By: Jeff Parker (writer), Kev Walker (artist), Frank Martin, Jr. (colorist), Joe Caramagna (letterer), Rachel Pinnelas (assistant editor) & Tom Brennan (editor)

The Story: The Underbolts have escaped.  Now what?

What’s Good: This series continues discovering ways to keep it fresh.  Jeff Parker and company have found a nice way to run this comic by keeping the action churning.  So far I (personally) have enjoyed almost everything he’s tossed out since this title began anew after Siege, but even if I didn’t enjoy something, it wouldn’t really matter because that odorous idea would probably be gone in about an issue.  Everything is in a constant state of flux with Parker.

The way he’s flinging ideas around also gives lots of confidence to the reader because you feel like the comic won’t get stale.  I honestly think there are some guys writing for the Big 2 who don’t have that many good ideas.  They might have 3 ideas that need to carry them though 2 years on the title.  Parker has about 3 ideas in each issue and because he’s churning through them so quickly, the ideas have a non-preciousness to them and he isn’t afraid to move on.

This issue shows the aftermath of the Underbolts big escape.  When these guys first showed up 6-7 issues ago, I wasn’t too sure I liked them, but Parker has built them up to the point where they’re just as fun as his team of Thunderbolts-proper.  We also saw at the end of the last issue that Fixer has betrayed the team and ran off with the Underbolts.  That’s the beauty of picking your characters from the scratch-and-dent bin: It is doubtful that there are any HUGE Fixer fans out there in internetland who are going to scream at Parker for this “totally out of character” moment.  These guys and gals are blank canvases onto which he can paint whatever character traits he wants.

There is also a pretty cool surprise towards the end of this issue that I won’t spoil.  Let’s just say that it isn’t just a question of where the Underbolts have escaped to, but also WHEN.  It’ll be interesting to see if they are able to fool the folks they meet in this time/place.

Kev Walker again nails it with the art.  He has this interesting blocky, cartoony style that works so well for indicating action or emotion from the characters.  And, he does really interesting pages too: lots of off kilter panels, some full-bleed, some broken panel borders, etc.  Even when he has a page that is basically a grid, there is usually something to make the page interesting.  I love this because it shows that the artist is going beyond merely drawing the scenes that the writer puts in the script and is thinking of the reader’s enjoyment.  One esoteric thing I was noticing in this issue too is that I love how Walker draws hairlines on characters.  Of course, I notice this in contrast to other nameless artists where hair sometimes looks like an animal resting on the characters’ baldheads.  Walker’s hair always looks tightly integrated into the character.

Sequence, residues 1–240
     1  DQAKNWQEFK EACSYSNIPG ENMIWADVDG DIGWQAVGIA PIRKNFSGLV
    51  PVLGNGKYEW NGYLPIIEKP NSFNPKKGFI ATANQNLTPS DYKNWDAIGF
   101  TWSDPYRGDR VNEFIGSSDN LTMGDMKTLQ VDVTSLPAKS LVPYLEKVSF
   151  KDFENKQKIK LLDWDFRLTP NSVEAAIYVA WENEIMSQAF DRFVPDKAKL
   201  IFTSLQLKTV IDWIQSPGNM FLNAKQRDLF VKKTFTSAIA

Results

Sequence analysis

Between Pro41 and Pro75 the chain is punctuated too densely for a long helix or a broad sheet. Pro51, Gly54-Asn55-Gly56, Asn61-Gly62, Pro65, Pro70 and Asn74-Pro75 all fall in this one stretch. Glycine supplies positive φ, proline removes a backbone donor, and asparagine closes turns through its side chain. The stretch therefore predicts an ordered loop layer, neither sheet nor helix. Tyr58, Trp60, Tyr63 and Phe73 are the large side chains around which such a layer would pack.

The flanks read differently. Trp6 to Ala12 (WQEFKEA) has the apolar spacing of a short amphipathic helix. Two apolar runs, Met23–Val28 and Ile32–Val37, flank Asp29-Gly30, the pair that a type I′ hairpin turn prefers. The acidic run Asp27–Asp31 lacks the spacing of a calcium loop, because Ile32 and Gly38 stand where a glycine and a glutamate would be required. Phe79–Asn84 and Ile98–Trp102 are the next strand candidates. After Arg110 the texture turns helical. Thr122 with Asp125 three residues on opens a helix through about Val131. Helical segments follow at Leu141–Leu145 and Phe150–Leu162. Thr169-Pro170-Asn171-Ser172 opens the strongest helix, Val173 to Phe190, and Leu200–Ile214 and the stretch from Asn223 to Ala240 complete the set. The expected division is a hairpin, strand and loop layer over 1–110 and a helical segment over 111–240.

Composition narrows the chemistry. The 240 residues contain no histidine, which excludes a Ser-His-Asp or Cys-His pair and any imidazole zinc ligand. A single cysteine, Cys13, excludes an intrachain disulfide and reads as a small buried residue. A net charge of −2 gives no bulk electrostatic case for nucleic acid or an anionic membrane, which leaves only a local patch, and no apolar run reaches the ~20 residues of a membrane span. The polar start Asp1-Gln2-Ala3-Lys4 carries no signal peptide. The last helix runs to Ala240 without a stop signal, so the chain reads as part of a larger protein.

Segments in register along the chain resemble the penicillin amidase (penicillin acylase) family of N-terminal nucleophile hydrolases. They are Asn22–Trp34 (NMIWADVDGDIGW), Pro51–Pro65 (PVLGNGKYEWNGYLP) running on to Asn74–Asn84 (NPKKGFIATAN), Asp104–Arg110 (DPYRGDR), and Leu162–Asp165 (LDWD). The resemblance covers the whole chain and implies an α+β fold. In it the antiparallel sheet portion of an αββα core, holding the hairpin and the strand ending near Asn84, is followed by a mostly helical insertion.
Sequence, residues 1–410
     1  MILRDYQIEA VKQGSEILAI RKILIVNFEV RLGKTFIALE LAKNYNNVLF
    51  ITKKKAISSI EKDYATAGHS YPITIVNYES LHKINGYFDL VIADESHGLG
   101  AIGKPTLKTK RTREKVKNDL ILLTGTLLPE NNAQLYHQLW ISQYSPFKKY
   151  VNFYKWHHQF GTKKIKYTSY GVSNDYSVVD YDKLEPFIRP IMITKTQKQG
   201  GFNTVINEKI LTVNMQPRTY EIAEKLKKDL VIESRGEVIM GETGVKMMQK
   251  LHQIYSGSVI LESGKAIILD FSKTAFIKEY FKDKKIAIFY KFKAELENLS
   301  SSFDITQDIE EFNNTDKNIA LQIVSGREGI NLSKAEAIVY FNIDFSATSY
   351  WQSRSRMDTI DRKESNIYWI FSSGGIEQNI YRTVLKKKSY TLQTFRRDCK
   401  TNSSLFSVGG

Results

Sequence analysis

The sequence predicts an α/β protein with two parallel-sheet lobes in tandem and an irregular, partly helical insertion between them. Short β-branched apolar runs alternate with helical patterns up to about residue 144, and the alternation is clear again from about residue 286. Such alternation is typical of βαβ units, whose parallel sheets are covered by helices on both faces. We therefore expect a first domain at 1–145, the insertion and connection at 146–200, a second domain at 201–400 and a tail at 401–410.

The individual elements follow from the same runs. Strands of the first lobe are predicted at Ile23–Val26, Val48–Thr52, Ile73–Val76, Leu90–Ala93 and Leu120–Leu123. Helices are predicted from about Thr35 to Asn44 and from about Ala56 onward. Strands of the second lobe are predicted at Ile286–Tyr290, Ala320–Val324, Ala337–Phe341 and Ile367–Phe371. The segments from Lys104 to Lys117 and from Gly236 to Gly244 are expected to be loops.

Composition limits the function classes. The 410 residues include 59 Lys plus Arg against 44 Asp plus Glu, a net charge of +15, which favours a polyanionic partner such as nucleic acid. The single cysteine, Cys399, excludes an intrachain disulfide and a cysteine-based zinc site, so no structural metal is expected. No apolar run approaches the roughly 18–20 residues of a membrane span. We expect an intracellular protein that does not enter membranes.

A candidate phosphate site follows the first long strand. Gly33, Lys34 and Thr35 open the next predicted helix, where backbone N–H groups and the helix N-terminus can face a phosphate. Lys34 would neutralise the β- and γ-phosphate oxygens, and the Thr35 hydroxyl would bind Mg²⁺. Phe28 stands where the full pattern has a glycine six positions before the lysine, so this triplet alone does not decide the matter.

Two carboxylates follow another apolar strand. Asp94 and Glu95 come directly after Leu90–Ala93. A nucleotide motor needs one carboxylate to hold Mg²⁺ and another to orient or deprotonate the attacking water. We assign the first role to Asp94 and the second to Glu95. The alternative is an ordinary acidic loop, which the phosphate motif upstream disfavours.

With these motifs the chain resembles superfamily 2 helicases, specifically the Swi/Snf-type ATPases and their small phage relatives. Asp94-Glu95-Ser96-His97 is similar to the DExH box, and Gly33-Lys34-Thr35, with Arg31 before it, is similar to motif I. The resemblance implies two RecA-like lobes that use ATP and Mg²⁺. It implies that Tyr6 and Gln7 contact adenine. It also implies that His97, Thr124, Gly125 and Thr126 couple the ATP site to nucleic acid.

Really nice coloring by Frank Martin, Jr.  too.  I’m trying to learn more about coloring so I can properly gush about comics like this one, but let’s just say that it is pretty, tasteful and very complex.  You can tell this was a much more elaborate job to color this issue than a lot of comics I read.

What’s Not So Good: Nothing really wrong with the story.  Guess I’m personally disappointed to see where Moonstone ended up, but that’s just me being fanboyish.  I also don’t find the saga of the Man Thing to be quite that interesting, but I have a pretty strong feeling that Parker is up to something with that arc since he never wastes pages.

Consequence: Earlier in the week I talked about how Hulk (Parker’s other Marvel title) has hit the point where you just know it’ll be good.  Well, Thunderbolts is at that point too.  We’re up to ~20 good issues in a row.  The story is always fresh, exciting and attractive.  It’s a shame Marvel isn’t pushing either of these titles heavily in the digital market because I have a feeling they could be very attractive to new readers.

Grade: A-

-Dean Stell

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